I just got back from my high school reunion so I’m feeling rather reflective and introspective and a lot of other big words that end in “ive”.
Indulge-ive me, won’t you? Thanks.
My older sister graduated the year I entered high school. She was a quiet, obedient nerd who made straight A’s. She graduated with honors. “A peerless example of Saint Joseph’s Academy” they would say. So the nuns were a little dumbfounded when I came careening down the halls. The girls of the Academy were held to high expectations and I certainly was a disappointment. I was a solid C+ student except in math where I truly excelled at sucking. Still do.
Here’s the weird part I never saw coming: I hated school but I loved being at school. I loved the Academy. Being in that environment freed me from my preening self and the distraction of boys. Wondering what they thought of me, trying so hard to be liked, trying to be pretty and demure. Worrying about my hair, my makeup, my breath. Worrying about farting in gym class. Nobody cared. It was just us girls, and it was fantastic. Contrary to popular Catholic school-girl myth, there was no drama, no hair-pulling girl fights or catty cliques (that I was aware of). Maybe I was oblivious but I don’t recall any of that. Just girls becoming highly educated women. Me notwithstanding. Instead of being boy crazy I became girl crazy. And they were crazy for me. I was becoming more myself, my authentic self every day I was there. That might not have happened in the presence of boys, at least until I was much older. In fact I’m sure of it.
|They thought I was this girl|
|But I was really this girl|
I was in trouble a lot, but at a school like this it didn’t take much. I remember being told I had a little too much “joie de vivre.” Um, what? How can anyone have too much joie de vivre?? That’s like having too much… joy for life… or something. I dunno– I never took Spanish. I think this was right after I grabbed the tongs out of the lunchroom salad bar and, holding them like castanets, twirled around the lunch tables to delirious applause in what was from that day forward deemed “The Dance Of The Salad Tongs.” It was a crowd pleaser, if not a very creatively named dance.
Do you think I would have danced The Dance Of The Salad Tongs around boys? No way. I would just eat a salad in the cutest way possible. Because boys don’t like funny girls. Well, they might like them as friends, or maybe if they were gay, but everybody knows pretty girls don’t need to be funny. They just need to be pretty and shut up when the boy is talking. He can be funny. You can’t. You definitely can’t be funnier than him. Right?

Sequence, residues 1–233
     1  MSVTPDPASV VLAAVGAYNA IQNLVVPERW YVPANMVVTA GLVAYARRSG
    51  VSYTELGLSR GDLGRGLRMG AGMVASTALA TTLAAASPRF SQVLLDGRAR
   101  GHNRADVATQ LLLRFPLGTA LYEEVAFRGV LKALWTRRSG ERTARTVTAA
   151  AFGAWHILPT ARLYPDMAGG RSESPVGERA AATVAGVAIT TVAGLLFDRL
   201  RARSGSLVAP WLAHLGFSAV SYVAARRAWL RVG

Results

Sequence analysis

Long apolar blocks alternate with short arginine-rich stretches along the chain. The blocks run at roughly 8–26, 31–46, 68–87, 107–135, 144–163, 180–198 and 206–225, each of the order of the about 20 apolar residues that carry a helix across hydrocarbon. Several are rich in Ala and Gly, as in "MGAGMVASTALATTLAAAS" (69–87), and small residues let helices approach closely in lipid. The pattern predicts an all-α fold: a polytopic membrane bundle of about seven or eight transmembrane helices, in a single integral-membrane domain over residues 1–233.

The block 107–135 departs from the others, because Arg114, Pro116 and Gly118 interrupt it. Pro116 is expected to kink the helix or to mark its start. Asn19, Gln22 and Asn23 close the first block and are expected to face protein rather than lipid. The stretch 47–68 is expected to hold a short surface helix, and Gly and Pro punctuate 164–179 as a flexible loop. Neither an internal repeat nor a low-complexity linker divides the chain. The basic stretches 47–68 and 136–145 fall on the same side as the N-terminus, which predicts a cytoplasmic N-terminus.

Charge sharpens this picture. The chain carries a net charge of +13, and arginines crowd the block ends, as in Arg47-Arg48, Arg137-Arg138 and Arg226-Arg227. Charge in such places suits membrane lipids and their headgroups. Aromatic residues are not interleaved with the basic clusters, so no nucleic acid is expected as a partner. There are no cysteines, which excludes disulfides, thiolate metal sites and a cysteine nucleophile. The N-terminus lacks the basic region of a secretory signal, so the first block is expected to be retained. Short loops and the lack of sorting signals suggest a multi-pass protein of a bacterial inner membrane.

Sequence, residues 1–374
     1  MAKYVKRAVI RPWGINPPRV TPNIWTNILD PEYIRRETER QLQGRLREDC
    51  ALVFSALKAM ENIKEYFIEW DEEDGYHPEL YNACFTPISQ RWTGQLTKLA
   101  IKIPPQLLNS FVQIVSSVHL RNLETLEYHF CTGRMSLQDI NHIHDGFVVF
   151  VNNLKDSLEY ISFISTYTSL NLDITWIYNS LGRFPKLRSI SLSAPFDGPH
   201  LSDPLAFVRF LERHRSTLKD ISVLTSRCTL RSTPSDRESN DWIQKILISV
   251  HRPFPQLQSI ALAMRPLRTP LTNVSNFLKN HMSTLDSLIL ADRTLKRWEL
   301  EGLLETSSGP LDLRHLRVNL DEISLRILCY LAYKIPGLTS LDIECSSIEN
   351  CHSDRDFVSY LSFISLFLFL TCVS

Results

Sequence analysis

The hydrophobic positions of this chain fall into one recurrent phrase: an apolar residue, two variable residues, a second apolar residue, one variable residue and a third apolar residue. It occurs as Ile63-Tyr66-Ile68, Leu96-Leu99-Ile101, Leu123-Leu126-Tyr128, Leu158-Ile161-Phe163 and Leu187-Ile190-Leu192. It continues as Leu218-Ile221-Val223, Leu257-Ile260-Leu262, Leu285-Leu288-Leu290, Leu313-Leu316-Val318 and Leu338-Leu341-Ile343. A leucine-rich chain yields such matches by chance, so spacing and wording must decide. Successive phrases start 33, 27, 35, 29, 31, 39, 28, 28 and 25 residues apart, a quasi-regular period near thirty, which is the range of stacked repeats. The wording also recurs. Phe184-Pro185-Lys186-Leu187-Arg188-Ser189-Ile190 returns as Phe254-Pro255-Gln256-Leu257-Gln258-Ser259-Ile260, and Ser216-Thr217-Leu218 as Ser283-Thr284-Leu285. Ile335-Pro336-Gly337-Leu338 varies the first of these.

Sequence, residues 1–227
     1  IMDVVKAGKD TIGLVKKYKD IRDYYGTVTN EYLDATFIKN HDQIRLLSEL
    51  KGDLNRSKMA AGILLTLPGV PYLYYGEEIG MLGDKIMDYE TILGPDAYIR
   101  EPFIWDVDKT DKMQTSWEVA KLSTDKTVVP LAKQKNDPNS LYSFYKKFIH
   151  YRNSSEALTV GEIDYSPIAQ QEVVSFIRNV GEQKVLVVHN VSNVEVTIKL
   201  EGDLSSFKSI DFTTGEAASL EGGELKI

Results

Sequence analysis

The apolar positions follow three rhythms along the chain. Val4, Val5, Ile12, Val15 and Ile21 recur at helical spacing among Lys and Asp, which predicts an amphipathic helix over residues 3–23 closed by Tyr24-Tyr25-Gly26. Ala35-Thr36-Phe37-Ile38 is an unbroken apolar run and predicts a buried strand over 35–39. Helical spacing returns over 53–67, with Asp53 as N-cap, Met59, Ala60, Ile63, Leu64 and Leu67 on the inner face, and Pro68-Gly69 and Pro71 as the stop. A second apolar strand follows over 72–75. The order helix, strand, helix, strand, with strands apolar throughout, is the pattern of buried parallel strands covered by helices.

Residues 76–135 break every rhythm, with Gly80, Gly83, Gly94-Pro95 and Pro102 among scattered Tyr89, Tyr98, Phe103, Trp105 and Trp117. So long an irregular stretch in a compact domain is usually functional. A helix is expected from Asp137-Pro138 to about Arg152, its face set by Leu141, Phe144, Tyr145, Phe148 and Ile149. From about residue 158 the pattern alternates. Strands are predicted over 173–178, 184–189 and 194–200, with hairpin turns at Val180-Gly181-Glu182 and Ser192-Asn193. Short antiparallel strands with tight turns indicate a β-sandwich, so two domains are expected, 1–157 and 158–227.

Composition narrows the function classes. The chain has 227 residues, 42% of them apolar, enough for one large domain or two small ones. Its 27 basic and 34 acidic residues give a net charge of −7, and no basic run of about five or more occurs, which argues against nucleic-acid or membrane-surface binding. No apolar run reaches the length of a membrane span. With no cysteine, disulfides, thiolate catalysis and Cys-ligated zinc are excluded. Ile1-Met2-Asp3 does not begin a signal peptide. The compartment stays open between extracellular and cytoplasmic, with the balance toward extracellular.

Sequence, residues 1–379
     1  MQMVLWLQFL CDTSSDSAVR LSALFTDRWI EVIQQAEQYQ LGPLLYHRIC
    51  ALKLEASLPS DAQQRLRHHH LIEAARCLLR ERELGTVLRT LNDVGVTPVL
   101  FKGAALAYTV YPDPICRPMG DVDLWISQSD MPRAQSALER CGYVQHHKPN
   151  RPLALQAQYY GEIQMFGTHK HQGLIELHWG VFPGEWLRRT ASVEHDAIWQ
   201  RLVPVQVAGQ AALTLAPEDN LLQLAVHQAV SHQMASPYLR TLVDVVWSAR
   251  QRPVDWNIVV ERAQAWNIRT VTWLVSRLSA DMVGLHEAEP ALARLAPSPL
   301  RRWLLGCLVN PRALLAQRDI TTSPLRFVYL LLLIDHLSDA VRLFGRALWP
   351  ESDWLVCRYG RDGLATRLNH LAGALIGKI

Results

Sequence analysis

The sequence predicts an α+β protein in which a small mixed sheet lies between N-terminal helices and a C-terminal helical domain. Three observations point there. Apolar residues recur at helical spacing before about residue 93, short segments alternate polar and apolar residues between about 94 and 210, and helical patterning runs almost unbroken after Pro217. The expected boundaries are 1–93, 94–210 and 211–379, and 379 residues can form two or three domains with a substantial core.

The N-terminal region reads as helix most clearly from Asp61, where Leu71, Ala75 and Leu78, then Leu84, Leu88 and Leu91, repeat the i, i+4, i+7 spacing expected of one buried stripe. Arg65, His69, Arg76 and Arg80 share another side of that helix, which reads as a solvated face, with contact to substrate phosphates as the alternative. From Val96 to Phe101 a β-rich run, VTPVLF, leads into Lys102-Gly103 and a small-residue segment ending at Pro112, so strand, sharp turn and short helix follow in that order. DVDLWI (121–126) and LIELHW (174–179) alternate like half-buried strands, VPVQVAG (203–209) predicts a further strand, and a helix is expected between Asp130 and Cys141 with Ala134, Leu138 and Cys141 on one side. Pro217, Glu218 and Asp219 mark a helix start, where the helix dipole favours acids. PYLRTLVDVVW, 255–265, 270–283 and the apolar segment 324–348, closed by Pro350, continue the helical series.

Thank you, Madelyn Kahn. Thank you, Kristen Wiig. Thank you, Chelsea Handler.
I remember once writing a very descriptive three-page note in class, complete with illustrations detailing my date that weekend. Unfortunately it was intercepted by a teacher and I was sent to the disciplinarian’s office. She lectured me about how lucky I was to be at the school and I seemed to be wasting everyone’s time there. Then she said something surprising. She read the note and admitted other than the gross grammatical errors and occasional profanity, the story was funny. Very funny. She wondered if I had ever thought of becoming a writer. I argued I wasn’t sure how writing was going to fit in with my dream of becoming a back-up dancer in a Robert Palmer video.
She sent me back to class.
Besides, writers were usually men, or unattractive alcoholic broads named Fran with split ends who never married. Right? I wasn’t going to be a writer. I could never allow split ends. Right?
Thank you, Tina Fey. Thank you, Nora Ephron. Thank you, Ellen DeGeneres. Thank you, Mindy Kaling.
I never really believed that being attractive and being funny were mutually exclusive, but I knew a few boys that did. I say boys, not men. A real man would never be threatened by a woman one-upping him in the joke department (or any other department.) What I find funny, I think you will find funny. Why can’t I tell penis jokes too? I can– and probably deliver the line better than you. I don’t need you to like me or think I’m attractive first.
The Academy reunion was held in conjunction with the boy’s school (right down the street) graduating class of the same year. I knew some of the guys and have reconnected with a lot more on Facebook. One of the nicest things was hearing several times, “I never knew you were so funny” and “I love your blog”. That actually means more to me now than “You were/are so pretty”. Who’d a thunk that funny would trump pretty? But it does. Every time. These men get it– they are not threatened.
I’m so glad I went to my reunion and thanked all these great girls who became great women in my life– for their friendship, encouragement and helping me grow and do what I love to do– make people laugh.
And most of all I’d like to thank the Academy for helping me tell penis jokes. Probably not their intention, but there you have it.